When the economy got better, the sustainability leader at ZGF, Chris Chatto, had an opportunity and I was able to come back to Seattle. At ZGF, I mainly do sustainability work, but we have a pretty robust project performance team across the firm, so I also get to plug and play with that group.
Tell us about the work you’re doing with the UW ARC program.
M: I originally got into circadian lighting research with a former colleague at ZGF, Ed Clark. There wasn’t much information on circadian lighting, but we traveled all over the country talking to different professionals, researchers, neuroscientists, and lighting experts. We built up this library of knowledge and ended up teaming with Dr. Mehlika Inanici, a professor in the College of Built Environments. Together, we created a software called LARK Spectral Lighting, which we open sourced and published. Mehlika and I traveled to Hyderabad, India to present this research in 2015 and that opened up a whole new chapter on an international stage.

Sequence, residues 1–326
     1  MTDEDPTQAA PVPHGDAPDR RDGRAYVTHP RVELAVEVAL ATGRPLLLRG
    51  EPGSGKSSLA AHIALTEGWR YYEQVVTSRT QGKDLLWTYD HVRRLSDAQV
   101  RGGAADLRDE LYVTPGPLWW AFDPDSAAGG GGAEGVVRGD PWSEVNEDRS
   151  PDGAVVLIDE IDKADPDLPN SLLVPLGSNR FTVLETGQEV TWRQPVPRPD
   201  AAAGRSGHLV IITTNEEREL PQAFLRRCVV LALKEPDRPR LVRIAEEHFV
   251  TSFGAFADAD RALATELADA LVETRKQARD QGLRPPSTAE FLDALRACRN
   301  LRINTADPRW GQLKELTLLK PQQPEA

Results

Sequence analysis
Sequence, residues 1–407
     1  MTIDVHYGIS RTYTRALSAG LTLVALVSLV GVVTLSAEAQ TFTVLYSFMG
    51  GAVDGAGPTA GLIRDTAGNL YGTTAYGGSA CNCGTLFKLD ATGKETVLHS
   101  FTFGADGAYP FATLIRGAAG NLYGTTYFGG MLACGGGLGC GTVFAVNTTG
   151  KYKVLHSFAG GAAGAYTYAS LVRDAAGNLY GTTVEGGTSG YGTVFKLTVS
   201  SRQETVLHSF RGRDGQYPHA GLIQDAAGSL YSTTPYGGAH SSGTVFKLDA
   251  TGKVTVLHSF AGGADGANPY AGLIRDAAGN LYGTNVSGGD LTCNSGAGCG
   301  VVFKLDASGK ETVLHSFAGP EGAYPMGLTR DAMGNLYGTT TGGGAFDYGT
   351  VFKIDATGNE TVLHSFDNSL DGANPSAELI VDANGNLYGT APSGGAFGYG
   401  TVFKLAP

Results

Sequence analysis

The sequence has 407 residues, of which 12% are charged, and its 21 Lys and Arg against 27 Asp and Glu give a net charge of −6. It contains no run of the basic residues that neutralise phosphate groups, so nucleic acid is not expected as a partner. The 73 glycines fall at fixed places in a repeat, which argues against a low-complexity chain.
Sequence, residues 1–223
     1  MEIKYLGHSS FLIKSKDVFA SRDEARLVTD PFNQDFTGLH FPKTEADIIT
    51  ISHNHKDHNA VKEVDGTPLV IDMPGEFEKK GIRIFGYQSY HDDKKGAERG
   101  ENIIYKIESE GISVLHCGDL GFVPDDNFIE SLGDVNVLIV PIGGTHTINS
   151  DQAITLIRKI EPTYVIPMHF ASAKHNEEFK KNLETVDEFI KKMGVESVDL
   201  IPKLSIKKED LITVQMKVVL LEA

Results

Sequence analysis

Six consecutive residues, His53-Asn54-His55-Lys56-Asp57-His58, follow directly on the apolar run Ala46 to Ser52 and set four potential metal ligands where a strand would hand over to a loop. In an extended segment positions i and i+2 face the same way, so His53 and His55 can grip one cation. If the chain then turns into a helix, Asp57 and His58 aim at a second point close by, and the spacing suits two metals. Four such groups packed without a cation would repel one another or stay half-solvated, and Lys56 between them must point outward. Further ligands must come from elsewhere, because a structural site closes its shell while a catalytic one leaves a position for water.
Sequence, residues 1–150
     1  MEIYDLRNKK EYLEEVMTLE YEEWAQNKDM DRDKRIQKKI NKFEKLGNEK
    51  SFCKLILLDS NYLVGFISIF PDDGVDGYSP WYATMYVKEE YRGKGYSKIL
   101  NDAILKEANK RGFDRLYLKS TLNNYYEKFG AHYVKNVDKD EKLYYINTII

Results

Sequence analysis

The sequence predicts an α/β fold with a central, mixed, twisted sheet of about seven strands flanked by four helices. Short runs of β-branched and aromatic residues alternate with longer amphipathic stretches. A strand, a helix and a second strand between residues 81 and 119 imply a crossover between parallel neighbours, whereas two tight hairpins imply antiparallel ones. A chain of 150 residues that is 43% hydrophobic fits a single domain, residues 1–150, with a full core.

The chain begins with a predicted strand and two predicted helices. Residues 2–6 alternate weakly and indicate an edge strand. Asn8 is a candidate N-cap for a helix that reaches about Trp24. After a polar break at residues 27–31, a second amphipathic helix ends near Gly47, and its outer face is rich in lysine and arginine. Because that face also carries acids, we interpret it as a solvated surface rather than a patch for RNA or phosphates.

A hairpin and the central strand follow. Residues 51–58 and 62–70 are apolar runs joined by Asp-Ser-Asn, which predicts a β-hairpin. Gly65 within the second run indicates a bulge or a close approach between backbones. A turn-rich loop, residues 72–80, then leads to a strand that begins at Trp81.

To this day, we continue to get researchers contacting us and people doing dissertations using our tool. Very few people in the world know about this tool – but nonetheless it’s really fun and satisfying that there are groups out there using it. We’re now working on new versions of it with Zining Cheng through the UW Applied Research Consortium (ARC) program.
Parallel to that is the work we’re doing with Chuou Zhang, another ARC Fellow. We’re taking a deep dive into wood sourcing and asking questions like, what is the embodied carbon in wood? Are we making the carbon calculations around wood as transparent as possible? The answer is no. If you look at the industry and how we calculate these things, it’s very complicated and opaque. This project is trying to make information as accessible and open as possible. We are accounting for all the benefits of reusing and recycling and asking whether we, as architects and engineers, are designing to make reuse as efficient and easy as possible in 30, 40, 50 years. We do this work to keep carbon out of the atmosphere, but also because we love wood. We want to celebrate it and put good processes and data transparency in place to support its use as a building material.